States having problems with Common Core standards


Indeed, although 11 states are Race to the Top (RttT) funding recipients, the rest of the states are not, meaning implementation of the common standards might take longer.

For example, 10 out of the 11 RttT recipients plan to create or revise educator systems linked to student mastery of the Common Core standards—a major challenge named by 19 states as a result of funding constraints.

Also, though 23 of the 32 states that will require school districts to fully implement the common standards say this implementation won’t happen until 2013-14, several of the states that expect to accomplish major implementation changes in teacher certification, teacher evaluation, and assessment by 2012 are RttT winners.

These winners also make up a majority of the states that expect to put in place standards-related initiatives for low-performing schools by 2012 or to require districts to implement the common standards by that time.

For more on the common standards movement:

Final common standards in English, math released

Analysis: ‘Common Core’ standards clearer, more rigorous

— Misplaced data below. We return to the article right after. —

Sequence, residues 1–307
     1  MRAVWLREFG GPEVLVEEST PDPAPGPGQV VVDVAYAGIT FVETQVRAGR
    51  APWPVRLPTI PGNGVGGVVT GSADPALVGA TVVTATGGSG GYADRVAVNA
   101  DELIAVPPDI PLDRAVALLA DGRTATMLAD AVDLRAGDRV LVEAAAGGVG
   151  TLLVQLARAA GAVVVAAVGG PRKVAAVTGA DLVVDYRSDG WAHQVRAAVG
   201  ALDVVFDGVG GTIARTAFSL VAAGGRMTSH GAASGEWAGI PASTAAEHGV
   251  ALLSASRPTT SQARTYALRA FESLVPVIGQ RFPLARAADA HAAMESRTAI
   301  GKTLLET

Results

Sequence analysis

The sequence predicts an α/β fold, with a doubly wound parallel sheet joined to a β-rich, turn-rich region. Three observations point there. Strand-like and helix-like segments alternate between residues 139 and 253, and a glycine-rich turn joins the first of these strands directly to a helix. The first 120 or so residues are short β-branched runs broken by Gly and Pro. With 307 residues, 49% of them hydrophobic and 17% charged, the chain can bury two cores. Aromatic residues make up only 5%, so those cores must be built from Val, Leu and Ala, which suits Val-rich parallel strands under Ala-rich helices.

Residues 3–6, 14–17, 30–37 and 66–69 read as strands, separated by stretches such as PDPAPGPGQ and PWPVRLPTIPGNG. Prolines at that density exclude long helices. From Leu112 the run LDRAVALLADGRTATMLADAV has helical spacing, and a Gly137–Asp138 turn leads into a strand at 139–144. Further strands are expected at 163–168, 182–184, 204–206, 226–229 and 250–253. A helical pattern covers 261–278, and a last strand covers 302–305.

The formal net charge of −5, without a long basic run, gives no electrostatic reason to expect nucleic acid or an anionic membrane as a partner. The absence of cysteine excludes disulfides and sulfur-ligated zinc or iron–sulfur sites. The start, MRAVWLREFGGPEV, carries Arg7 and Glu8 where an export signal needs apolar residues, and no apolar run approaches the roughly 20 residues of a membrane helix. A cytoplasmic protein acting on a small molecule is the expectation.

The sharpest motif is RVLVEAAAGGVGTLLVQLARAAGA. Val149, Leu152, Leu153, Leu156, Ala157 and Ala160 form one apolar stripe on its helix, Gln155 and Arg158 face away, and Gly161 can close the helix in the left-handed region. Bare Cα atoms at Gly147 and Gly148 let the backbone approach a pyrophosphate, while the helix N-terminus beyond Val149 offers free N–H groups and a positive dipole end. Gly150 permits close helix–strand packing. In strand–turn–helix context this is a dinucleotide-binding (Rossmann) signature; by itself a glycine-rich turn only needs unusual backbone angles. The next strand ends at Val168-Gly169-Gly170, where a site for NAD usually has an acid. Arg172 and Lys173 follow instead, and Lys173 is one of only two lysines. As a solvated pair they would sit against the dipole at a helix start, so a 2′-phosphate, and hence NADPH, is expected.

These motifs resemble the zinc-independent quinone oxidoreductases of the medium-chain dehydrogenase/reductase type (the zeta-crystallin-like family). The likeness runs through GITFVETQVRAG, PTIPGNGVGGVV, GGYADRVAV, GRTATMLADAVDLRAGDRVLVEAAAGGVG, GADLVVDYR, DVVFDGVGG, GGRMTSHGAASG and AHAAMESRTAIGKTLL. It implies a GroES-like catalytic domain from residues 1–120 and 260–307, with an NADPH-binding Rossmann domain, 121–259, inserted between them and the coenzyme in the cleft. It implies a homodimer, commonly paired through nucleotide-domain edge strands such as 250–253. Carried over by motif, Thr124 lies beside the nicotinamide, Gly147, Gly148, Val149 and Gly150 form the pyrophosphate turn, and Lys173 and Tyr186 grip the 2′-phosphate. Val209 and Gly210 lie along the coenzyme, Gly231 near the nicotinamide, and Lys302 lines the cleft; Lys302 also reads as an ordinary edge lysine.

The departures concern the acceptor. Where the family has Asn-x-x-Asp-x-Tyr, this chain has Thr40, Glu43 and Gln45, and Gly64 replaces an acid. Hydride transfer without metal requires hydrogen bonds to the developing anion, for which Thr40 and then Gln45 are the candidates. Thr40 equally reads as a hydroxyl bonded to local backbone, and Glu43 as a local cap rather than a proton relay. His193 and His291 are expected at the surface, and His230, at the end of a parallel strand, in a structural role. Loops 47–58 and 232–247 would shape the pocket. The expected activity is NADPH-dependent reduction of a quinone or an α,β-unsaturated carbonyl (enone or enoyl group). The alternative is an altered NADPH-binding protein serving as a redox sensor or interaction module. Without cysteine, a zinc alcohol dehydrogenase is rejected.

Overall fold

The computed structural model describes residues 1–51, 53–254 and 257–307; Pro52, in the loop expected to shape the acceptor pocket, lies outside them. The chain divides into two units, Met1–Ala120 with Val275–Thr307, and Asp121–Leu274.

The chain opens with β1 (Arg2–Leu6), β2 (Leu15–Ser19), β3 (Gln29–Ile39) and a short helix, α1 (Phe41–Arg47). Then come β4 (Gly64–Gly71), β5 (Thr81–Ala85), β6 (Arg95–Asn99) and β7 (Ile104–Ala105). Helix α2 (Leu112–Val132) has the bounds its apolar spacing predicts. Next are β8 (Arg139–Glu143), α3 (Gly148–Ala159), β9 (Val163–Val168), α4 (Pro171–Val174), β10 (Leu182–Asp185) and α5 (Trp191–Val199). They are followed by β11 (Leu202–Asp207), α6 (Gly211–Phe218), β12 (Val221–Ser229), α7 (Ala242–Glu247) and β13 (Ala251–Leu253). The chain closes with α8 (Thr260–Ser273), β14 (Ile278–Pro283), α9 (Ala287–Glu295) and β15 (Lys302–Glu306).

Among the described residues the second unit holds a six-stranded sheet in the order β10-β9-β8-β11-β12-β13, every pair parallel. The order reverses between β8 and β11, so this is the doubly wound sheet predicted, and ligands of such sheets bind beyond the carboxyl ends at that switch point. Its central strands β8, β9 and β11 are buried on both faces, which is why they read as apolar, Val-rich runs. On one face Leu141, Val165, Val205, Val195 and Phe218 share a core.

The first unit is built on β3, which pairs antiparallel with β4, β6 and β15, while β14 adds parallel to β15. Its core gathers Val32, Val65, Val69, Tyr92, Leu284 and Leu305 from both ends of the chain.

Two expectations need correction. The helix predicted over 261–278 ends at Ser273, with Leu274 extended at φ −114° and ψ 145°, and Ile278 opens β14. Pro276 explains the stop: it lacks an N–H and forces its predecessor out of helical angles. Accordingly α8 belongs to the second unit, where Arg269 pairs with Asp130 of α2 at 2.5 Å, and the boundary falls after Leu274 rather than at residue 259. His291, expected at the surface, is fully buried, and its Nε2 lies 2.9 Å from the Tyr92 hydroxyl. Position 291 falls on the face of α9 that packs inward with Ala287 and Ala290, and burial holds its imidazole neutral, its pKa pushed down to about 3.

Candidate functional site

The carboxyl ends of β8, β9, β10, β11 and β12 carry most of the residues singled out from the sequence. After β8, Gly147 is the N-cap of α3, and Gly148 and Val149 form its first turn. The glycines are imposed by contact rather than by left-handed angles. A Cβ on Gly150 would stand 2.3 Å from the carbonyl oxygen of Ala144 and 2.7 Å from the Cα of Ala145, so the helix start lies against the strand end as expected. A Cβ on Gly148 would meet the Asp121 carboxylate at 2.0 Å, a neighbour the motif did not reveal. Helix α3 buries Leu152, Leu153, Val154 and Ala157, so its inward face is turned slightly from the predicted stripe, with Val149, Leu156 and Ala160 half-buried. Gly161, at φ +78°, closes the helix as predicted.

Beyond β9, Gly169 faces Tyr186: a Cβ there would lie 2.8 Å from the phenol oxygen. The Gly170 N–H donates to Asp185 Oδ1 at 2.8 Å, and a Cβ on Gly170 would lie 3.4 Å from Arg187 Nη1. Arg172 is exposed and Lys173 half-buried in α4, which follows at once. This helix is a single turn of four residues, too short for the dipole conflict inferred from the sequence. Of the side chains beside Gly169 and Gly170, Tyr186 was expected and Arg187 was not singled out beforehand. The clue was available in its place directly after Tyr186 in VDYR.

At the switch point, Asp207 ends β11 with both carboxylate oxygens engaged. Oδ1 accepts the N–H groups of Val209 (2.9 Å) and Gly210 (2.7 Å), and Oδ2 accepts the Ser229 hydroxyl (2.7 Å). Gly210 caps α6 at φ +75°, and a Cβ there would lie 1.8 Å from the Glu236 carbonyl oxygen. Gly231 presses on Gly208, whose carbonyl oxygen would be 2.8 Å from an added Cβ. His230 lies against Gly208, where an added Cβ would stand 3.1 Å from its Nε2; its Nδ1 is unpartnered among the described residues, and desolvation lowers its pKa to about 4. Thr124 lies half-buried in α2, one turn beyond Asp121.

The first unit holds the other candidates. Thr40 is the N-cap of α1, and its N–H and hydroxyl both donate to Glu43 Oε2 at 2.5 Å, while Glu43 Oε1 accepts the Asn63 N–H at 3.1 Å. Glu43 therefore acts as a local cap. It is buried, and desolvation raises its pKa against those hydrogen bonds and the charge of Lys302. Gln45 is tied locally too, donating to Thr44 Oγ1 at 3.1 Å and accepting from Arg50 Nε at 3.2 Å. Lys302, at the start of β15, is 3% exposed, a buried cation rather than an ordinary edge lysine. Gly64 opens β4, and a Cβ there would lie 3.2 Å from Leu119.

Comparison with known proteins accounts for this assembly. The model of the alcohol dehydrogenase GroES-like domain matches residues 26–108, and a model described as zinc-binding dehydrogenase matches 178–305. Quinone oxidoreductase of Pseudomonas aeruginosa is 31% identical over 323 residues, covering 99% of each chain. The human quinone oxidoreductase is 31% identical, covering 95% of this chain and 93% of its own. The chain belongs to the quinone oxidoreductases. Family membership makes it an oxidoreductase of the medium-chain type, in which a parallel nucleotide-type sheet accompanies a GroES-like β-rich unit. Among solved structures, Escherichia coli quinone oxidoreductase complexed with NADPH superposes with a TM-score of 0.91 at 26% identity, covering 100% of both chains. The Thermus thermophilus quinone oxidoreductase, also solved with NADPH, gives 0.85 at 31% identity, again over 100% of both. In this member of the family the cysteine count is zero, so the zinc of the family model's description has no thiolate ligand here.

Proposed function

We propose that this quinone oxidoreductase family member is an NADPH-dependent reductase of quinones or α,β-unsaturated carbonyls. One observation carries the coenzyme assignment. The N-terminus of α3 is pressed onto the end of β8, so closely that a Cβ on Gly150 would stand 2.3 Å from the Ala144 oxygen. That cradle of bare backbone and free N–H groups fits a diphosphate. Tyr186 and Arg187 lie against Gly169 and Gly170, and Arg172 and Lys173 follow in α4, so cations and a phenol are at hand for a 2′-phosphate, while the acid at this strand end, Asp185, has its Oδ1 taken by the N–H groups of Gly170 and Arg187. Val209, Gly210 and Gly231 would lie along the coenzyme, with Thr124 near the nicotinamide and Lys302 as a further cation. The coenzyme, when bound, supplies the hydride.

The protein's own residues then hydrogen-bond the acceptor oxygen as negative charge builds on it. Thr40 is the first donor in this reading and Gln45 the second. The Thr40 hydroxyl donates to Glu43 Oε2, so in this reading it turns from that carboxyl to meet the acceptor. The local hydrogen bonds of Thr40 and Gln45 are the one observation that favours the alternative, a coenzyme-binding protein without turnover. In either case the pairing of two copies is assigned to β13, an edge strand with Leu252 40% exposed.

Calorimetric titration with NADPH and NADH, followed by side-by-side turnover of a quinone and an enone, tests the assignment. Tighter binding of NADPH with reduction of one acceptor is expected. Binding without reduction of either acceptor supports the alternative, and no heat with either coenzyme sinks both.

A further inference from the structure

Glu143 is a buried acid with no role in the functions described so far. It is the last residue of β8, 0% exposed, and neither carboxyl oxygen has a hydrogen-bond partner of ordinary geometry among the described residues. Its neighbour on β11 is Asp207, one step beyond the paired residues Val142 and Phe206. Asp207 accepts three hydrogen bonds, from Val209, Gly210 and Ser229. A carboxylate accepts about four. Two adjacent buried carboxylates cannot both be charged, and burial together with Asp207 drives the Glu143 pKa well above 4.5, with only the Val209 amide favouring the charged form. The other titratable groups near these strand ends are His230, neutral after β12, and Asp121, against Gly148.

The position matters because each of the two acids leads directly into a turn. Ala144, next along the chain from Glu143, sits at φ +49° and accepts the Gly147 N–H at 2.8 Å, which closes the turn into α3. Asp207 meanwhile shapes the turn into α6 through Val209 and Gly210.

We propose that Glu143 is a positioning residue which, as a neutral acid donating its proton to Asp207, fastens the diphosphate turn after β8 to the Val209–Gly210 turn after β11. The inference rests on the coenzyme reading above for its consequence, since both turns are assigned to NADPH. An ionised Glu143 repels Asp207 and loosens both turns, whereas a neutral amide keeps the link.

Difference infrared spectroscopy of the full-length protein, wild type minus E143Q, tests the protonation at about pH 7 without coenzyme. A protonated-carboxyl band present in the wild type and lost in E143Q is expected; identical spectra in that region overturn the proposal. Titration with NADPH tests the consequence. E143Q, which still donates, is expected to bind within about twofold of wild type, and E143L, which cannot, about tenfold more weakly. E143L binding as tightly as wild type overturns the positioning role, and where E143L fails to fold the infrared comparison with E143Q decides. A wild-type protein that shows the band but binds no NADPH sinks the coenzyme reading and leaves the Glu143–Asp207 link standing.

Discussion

States given millions for new assessments

Did Race to the Top help or hurt the push for a common curriculum?

“Funding will always be a major issue for schools, but especially now with such a large undertaking during a difficult economy,” said Chris Minnich, director of membership for the Council of Chief State School Officers (CCSSO)—the organization that, along with the National Governors Association (NGA), developed the standards—and former strategic initiative director of standards, assessment, and accountability for CCSSO. “Now’s the time to really re-evaluate where we’re putting our dollars.”

Minnich continued: “This amount of change is … not going to happen overnight. In order for effective communication to happen between the state, the districts, the teachers, and higher-education organizations, there needs to be time to do this.”

Besides the seemingly long timeline for implementation, CEP said it’s also concerned about the lack of linkage between these standards and higher education.

According to the survey, the uncertainty of state respondents about their plans for aligning the common standards with higher-education programs “may reflect a broader disconnect between the agencies that administer elementary-secondary and postsecondary education.”

One state respondent summarized the situation this way: “We are currently working to educate our higher-ed programs about the Common Core [state standards] but have little control over their systems.”

Meris Stansbury

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